Elizabeth Oxley, upon her Examination, declareth, That about Michaelmas last, she became acquainted with one Nicolas Stubbs, who had several times used much Persuasions and Arguments to her to turn Papist; and, after her shewing a Liking to it, and that he supposed she had embraced that Persuasion, in his Discourses to her at several times, he told her, That, before the Twenty-eighth of June next, she should see all the Protestants destroyed that were in England: That the Pope should be King over England; and that all that would turn to the Pope's Religion, should live far better than now they did: That all the Land were Hereticks; and that it were a meritorious Act to destroy them: That all such as were Papists should have Marks upon their Hats, to distinguish them from Protestants, that they might not be destroyed with them: Adding, that the Nation would believe, That all things were over before the Twenty-eighth Day of June; but they would be deceived, for all should be destroyed before or about that Time.
That the Duke of Yorke was the bravest Prince living: That he was gone out of the Kingdom, lest the Hereticks should cut off his Head; and that he should not return, till they were destroyed: That the Lords in the Tower would not one of them suffer; for they would come off well enough, being to be tried by the Lords: That the Scaffolds were set up but for Fashion sake: That, she telling the said Stubbs, she was hired to live with one Mr. Bird about the middle of Fetter Lane, he used Persuasions to her at several times, to set Fire on her Master's House; telling her if she would do it, he would give her Five Pounds: And gave her Half-a-Crown; and said, He would have other Houses in Holborne fired at the same time by others: That she, being with the said Stubbs, on Sunday before the Fire, promised him to fire her Master's House on the Thursday or Friday Night following: And accordingly, on Thursday Night, she took a Candle, and put Fire to the Papers in her Master's Study, which were in a kind of a Press: And they being on a light Fire, she shut the Door; and went up Stairs into her own Chamber, on the Top of the House; and there packed up her own Things; undressing herself, lest her Master should suspect her; and there staid, till a great Knocking was at the Door; and the Watchmen crying out Fire: Whereupon she ran down Stairs, and cried out Fire; and her Master gave her the Key to open the Door: Which done, all Hands were employed to quench the Fire. And she saith, She did not set Fire on her Master's House out of any Malice to him, nor with Intent to rob him; but merely to carry on the Design that Stubbs had proposed to her, and out of Hopes of his Reward.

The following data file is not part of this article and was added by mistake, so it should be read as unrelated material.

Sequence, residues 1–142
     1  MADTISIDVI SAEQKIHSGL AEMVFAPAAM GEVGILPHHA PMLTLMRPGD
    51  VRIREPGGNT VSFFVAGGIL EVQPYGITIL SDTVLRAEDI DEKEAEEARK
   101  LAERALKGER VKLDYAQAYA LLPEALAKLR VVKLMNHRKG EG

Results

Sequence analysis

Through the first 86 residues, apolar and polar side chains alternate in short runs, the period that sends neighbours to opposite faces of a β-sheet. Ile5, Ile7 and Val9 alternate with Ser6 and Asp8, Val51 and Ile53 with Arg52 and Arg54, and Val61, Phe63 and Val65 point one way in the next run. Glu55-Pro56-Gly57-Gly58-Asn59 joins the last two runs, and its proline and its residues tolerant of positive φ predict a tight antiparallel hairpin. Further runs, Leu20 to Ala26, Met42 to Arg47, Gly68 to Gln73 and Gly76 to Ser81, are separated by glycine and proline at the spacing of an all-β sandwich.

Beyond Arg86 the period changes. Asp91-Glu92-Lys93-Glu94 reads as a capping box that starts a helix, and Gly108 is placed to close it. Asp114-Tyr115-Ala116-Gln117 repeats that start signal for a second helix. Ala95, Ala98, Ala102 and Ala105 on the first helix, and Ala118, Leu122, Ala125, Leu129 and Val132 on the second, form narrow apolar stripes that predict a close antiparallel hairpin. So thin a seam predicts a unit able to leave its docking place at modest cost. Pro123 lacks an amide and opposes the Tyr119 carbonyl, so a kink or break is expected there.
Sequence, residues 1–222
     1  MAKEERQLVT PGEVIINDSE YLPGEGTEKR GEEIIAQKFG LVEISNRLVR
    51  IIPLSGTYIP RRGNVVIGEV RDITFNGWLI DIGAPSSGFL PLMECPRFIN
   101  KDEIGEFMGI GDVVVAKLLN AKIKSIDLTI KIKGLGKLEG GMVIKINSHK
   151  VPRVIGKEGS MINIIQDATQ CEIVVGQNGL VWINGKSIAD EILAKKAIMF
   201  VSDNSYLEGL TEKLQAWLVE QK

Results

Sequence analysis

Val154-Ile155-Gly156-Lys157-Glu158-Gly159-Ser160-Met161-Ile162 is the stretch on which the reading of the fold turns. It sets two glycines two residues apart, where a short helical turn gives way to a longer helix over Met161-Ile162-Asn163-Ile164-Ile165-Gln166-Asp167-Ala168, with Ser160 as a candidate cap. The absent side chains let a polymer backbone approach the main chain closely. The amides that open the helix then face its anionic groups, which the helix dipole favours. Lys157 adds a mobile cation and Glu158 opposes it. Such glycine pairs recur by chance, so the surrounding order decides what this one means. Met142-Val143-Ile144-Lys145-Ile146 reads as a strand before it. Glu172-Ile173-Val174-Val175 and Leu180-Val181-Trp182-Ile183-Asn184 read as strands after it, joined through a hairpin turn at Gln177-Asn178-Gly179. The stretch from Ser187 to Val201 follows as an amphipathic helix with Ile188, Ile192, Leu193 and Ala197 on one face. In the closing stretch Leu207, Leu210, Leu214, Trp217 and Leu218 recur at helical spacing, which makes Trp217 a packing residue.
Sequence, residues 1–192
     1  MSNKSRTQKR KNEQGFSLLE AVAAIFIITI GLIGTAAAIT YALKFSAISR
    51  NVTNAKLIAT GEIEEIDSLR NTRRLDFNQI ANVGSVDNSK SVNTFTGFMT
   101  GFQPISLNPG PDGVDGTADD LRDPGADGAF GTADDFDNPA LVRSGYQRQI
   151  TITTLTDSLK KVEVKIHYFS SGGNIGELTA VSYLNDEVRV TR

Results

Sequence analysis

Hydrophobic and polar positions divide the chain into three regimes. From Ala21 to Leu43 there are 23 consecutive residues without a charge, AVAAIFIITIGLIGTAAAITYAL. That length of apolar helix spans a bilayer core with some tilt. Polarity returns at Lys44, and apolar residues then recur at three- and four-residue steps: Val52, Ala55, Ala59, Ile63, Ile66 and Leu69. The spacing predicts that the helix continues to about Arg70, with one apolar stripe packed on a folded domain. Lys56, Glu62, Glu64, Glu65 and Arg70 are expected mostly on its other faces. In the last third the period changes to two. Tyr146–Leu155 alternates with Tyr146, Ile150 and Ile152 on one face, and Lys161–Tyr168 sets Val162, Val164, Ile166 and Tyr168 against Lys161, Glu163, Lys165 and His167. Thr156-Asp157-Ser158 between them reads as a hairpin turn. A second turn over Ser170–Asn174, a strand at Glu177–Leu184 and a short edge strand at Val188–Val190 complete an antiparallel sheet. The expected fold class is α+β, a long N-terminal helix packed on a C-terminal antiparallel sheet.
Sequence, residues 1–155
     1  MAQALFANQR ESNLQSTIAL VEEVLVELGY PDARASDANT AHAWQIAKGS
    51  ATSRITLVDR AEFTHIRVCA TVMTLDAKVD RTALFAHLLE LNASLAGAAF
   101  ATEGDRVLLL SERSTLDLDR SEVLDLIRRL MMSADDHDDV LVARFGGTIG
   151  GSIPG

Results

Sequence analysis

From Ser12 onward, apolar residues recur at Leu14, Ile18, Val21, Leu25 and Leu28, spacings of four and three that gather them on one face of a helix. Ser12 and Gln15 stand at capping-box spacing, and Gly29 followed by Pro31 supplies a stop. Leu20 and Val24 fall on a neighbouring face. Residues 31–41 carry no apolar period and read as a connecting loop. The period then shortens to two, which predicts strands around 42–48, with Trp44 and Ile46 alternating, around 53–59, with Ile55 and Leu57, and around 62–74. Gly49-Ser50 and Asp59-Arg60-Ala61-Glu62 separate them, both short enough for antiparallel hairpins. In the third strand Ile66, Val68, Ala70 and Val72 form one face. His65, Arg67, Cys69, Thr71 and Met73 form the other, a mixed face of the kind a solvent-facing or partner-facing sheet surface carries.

Nicolas Stubbs, upon his Examination, sets forth, and owns to have used such Discourses to the said Elizabeth Oxley, as she declares in her Examination: And saith, that he did persuade her to Fire her Master's House, and was to give her Five Guineas for doing it, besides Halfa-crown in hand. And saith, That one Father Gifford, a Priest, and his Confessor, did put him on this Business; and told him it was no Sin to fire all the Houses of the Hereticks and Hugonots: That he acquainted one Flower alias Darby Mulragne, an Irishman, a Barber in German-street, with it; and one Roger . . . ., another Irishman, who lodged at the Cock and Harp in the same Street: That the said Father Gifford promised him One hundred Pounds for the same; and told him, That he was to have the Money from the Church: That he used to meet the said Father Gifford, * Flower, and Roger * in St. James's Fields, in the dark in the Evenings; and then to discourse of these Matters: And that the several Informations he had given the said Eliz. Oxley, he had from the said Father Gifford. And saith, * Flower and Roger * told the said Stubbs, they would carry on the Fire; and that they had Fire-balls to that Purpose; and that they would Fire other Houses in Holborne at the same Time. That he was at the Fire in the Temple; but was not engaged to do any thing there: But believes * Flower was; whom he did see there. And saith, That Gifford told him, That there were English, French, and Irish Roman Catholicks enough in London, to make a very good Army; and that the King of France was coming with Sixty thousand Men, with a Pretence to shew the Dauphin his Dominions; but it was to lay his Men at Deipe, Bulloigne, Calais and Dunkirke, to be in a Readiness at an Hour's Warning to be landed in England; and he doubted not but it would be by the middle of June; and that, by that time, all the Catholicks here will be in a Readiness; and were to rise, in order to bring him in: That the Papists here were to be distinguished by Marks in their Hats: That the said Father Gifford doubted not but he should be an Abbot or Bishop, when the Work was over, for the good Service he had done: That, at their Meetings, Father Gifford used to tell them, It was no more Sin to kill a Heretick, than to kill a Dog, and that they did God good Service in doing them what Mischief they could, by firing their Houses, or otherwise: That it was well Sir Edmundbury Godfrey was murdered; for he was their devilish Enemy: That Coleman was a Saint in Heaven for what he had done. And saith, That he is fearful he shall be murdered for his Confession; Father Gifford having sworn him to Secrecy, told him, He should be damned if he made any Discovery; and should be sure to be killed: And that he should take the Oaths, because he was an Housekeeper; and it was no Sin. And saith, That Gifford, * Flower, and Roger *, told him, when their Forces met about the middle of June, "Then have at the King."